The Visitor October 26, 2016
There’s a delicate little thing called tone that horror movies strive to maintain but rarely can. Classics of the macabre are so much more few and far between than classics of the funny bone tickle arguably because there’s so much at stake for films that fall under the category of the former — a failed set of scares is a failed set of scares and, unlike the comedy genre, it’s hard to redeem a horror movie that characterizes itself as uneven sooner or later.
While I wouldn’t necessarily call 1979’s The Visitor a masterpiece in horror — it’s not as ruthless as it should be and it’s not nearly as eccentric as it could be — it’s a masterpiece in tone: I can only think of a handful in the quote unquote nightmare imitating subgenre (a la The Holy Mountain, The Beyond, or Inferno) that so conclusively transport us into a world of labyrinthine, unnervingly vague terror so convincingly presented that we never come to question the methods of its maker.
The maker, in this case, is Giulio Paradisi (or, as the opening and closing credits call him, Michael J. Paradise), an Italian filmmaker who only directed four features in his lifetime. All lighthearted romps to be forgotten in the decrepit pits of Wikipedia, his only horror picture, The Visitor, is remarkably assured for an otherwise inexperienced artist. Playing out like an accessible collaboration between Lucio Fulci and Alejandro Jodorowsky, it’s mysterious without being off-puttingly ambiguous, ambitious without being obsessive. In store is a lovably weird, sumptuously supernatural tour-de-force in atmospheric paranormality; it is a definitive hidden gem of 1970s horror.
Taking cues from The Bad Seed, The Omen, and The Fury, The Visitor revolves around the desperate attempts by evil inner-spatial force Sateen to impregnate Barbara Collins (Joanne Nail), the only woman on Earth capable of birthing the antichrist. Though she already has a daughter at home (Paige Connor) that scares the shit out of her (either because of her scary lack of a conscience, her nonchalant attitude toward violence, or her unexplained Texas accent that makes her sound like an honorary KKK member), the Sateen are incapable of world domination without a male offspring.
They’ve hired a man (Lance Henriksen) to try to romance Barbara and do the implementation himself, but after several ventures fail do things get more aggressive. In response does Jesus Christ (Franco Nero) send quasi-angel Jerzy (John Huston) to watch over Barbara and her daughter and prevent severe wrongdoing. But thwarting a mightily powerful evil such as the Sateen is a feat even a higher power like Jesus and his disciples might have trouble with, and one can only hope that beating the clock is an attainable possibility.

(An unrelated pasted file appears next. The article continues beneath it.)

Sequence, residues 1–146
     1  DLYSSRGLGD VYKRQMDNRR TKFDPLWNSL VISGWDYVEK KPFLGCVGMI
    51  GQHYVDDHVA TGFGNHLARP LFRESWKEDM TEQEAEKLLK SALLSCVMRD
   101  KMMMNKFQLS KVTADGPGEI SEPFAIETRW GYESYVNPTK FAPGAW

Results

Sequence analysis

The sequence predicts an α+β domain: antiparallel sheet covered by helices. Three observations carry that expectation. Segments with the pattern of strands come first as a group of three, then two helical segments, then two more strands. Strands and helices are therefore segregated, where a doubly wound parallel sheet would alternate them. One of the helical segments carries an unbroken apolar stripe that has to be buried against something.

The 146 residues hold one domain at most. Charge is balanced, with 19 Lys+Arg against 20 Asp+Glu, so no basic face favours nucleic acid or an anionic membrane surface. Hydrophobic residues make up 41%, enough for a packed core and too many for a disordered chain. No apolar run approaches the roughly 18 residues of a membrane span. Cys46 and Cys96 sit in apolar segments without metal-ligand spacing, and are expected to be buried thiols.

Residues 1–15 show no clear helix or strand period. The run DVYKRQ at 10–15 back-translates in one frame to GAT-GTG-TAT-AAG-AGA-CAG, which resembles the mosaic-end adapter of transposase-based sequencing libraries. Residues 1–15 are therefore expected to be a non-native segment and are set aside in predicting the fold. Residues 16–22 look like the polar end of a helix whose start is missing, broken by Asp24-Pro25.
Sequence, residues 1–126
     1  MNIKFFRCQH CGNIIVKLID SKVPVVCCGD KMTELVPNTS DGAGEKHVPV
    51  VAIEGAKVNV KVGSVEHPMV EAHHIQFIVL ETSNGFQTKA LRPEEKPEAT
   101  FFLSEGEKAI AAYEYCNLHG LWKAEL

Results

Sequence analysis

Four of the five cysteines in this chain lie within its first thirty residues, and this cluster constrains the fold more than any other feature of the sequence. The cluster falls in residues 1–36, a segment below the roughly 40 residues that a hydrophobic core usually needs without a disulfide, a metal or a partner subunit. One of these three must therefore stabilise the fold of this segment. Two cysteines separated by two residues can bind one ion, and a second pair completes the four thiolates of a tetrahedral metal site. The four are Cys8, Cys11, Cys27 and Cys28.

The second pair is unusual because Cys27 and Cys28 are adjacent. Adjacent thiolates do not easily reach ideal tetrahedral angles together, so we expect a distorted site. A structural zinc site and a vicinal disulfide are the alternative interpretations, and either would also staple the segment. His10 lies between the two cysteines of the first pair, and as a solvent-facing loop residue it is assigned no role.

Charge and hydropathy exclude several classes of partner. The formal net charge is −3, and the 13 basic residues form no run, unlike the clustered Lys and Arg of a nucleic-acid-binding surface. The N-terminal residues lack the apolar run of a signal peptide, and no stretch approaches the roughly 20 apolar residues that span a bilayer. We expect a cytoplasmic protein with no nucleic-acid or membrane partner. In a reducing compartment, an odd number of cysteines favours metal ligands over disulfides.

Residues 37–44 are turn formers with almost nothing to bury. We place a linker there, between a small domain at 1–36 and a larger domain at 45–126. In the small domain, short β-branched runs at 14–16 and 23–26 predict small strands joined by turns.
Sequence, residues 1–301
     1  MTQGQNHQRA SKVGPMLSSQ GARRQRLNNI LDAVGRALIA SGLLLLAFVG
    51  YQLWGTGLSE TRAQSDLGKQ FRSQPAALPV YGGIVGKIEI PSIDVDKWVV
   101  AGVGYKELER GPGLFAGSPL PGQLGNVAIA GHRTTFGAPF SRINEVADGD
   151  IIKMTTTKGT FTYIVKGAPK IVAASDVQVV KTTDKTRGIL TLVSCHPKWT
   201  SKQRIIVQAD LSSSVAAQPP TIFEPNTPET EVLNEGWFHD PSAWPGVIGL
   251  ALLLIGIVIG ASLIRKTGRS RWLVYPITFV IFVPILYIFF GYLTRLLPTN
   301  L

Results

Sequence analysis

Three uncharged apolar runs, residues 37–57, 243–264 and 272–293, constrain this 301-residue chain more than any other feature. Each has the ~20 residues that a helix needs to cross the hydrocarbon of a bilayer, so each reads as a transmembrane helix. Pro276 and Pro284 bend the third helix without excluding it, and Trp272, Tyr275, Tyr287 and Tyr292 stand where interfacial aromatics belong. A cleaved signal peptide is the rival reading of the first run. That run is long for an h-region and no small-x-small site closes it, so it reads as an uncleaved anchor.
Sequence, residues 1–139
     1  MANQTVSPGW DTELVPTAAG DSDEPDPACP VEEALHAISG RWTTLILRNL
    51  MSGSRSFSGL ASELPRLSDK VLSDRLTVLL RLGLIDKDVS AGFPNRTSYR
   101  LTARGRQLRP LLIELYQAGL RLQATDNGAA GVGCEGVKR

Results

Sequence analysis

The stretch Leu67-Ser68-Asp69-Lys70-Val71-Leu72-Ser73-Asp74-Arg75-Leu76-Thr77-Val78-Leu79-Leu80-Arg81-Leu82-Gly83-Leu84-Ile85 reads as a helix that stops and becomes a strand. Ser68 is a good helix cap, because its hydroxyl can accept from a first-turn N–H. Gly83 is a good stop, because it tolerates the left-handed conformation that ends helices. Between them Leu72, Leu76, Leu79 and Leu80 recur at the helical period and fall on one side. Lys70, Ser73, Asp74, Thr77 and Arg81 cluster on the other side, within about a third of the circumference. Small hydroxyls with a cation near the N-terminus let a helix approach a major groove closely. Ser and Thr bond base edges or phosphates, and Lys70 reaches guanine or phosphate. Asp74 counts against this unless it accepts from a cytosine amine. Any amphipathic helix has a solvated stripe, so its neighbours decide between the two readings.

And maybe it is — if The Visitor were slightly more straightforward and we were more sure that the conclusion really is the conclusion. But since continuity is sorta kinda fucked and since it’s hard to believe that all in front of us is an imitation of some sort of psychedelic reality outlined in malevolence, we’re more prone to treating it all as some sort of strange fever dream we had during a drunken stupor. And for what it’s worth, The Visitor is all the better for it.
Whether it’s Eurotrash that got lucky in its looking and feeling good or if it’s an underrated artistic triumph depends on your stance, but as I’m particularly fond of well-made, hallucinatory frights, I find the film to be ravishingly well put together and comprehensively breathtaking — it won’t incur nightmares, no, but its images and textures dazzle as much as they unsettle; The Visitor is an experience not to be underestimated in its ability to transport.
So maybe the ending’s a little too optimistic for my taste and maybe its baiting for crossover success is warped and oddly obvious — why so much of the cast is taken up by greats of the Hollywood Golden Age is an interesting choice in ensemble assembly. But The Visitor is nevertheless 1970s horror better than Fulci and comparable in its fruitfulness to Carpenter — to get enough is perhaps impossible. It feels so right. A-